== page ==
India’s western state of Maharashtra has registered 25 deaths from heat stroke since late March, the highest toll in the past five years, with more fatalities likely elsewhere in a country sweltering in temperatures over 40C. Scientists have linked the early onset of an intense summer to climate change, and say more than a billion people in India and neighbouring Pakistan were in some way vulnerable to the extreme heat. With cooling monsoon rains only expected next month and increasingly frequent power outages in some parts of India, even households that can afford air conditioners will have little respite over the next several weeks. Many of the deaths in Maharashtra occurred in the more rural areas of India’s richest state. “These are suspected heat stroke deaths,” Pradeep Awate, a Maharashtra health official, said. India is the world’s second-biggest wheat producer, but the heat is set to shrivel this year’s crop, after five consecutive years of record harvests. As power demand surges, generating companies are staring at massive shortages of coal and the government is pleading with them to step up imports. The government cancelled more than 650 passenger trains through the end of May to clear tracks for more cargo trains as the country scrambles to replenish coal stocks at power plants, a senior official from the country’s railways ministry disclosed. India recorded its warmest March in over a century, with the maximum temperature across the country rising to 33.1C, nearly 1.86C above normal, according to the India Meteorological Department. Many parts of India’s north, west and the east saw temperatures surging past 40C last month. In the eastern state of Odisha, authorities said a 64-year-old man died of heat stroke on April 25 and hundreds of others have been given medical treatment. In Subarnapur, Odisha’s hottest district, a high of 43.2C was recorded yesterday. “It is so hot,” Subarnapur resident Mohana Mahakur said. “Fan, air cooler — nothing is working.” A Punjab agriculture department official said an average increase of up to 7C (12.6 F) in April had reduced wheat yields. “Because of the heatwave we’ve had a loss of more than 500kg per hectare of our April yield,” the official disclosed.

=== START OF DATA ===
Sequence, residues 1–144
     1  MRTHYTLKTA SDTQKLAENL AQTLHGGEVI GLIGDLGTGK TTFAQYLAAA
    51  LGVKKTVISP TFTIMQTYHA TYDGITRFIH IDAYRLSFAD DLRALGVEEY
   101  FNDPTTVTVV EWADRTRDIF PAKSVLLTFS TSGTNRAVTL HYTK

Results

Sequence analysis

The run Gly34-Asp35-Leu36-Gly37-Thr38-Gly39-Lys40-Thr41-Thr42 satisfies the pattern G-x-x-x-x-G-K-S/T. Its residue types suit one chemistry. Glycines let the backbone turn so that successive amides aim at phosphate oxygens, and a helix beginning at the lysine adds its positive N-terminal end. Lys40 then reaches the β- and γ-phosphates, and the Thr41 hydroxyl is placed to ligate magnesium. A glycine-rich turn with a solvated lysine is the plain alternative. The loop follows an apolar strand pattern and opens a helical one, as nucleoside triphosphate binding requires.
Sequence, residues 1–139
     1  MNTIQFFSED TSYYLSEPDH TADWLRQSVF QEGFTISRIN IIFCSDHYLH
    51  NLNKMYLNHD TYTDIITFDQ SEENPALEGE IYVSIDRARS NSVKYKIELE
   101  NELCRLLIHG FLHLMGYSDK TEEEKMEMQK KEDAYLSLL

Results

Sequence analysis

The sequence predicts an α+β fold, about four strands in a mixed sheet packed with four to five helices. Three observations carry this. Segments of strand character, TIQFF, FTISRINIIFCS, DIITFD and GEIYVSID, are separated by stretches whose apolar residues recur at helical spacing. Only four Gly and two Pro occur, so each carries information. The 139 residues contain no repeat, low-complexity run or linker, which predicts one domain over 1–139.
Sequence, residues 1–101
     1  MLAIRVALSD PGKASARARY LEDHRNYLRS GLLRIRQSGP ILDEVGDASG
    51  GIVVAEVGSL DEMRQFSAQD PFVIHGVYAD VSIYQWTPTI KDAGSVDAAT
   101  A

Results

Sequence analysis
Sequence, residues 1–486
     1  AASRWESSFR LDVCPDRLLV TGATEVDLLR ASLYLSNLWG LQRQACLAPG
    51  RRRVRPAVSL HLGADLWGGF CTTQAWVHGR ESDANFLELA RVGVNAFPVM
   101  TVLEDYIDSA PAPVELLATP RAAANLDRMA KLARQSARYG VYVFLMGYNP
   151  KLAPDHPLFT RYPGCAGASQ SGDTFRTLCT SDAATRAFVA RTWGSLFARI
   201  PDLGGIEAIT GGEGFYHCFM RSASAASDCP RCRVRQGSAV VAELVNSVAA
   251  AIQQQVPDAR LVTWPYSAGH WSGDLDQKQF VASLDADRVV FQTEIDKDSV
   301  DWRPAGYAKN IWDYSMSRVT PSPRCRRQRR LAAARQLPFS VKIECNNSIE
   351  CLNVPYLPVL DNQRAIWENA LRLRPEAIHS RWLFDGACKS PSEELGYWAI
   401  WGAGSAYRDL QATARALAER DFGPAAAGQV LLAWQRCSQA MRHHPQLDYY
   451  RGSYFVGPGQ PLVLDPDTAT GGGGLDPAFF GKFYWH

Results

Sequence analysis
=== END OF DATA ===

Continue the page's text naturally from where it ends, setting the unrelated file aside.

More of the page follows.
India has asked state and private sector utilities to ensure delivery of 19mn tonnes of coal from overseas by end-June, according to a power ministry letter, reflecting an urgency to secure supplies in a pricey market amid increasing blackouts. The move, which marks the first time the world’s second largest coal importer is issuing timelines for imports, can put pressure on the global prices of coal as the utilities rush to avoid a repeat of the electricity crisis in April. If the timelines are adhered to, the imports by the states and private utilities over the next five months for blending with domestic coal will surpass annual imports by the entities in at least six years. An unrelenting heatwave pushed electricity demand to a record high in April, leading to the worst power crisis in over six years and forcing India to go back on a policy to cut down coal imports. The federal government has asked state government-owned utilities to import over 22mn tonnes of coal and private power plants to import 15.94mn tonnes, the power ministry said in a letter reviewed by Reuters. The power ministry asked all utilities to ensure delivery of 50% of the allocated quantity by June 30, another 40% by end-August and the remaining 10% by the end of October, according to the letter to top officials at state energy departments and heads of private power plants. State government-run utilities have not imported for blending more than 7.1mn tonnes and private companies not more than 13.1mn tonnes since at least the year ending March 2017. Data predating year ended March 2017 is not available. The federal power ministry did not immediately respond to a request seeking comment.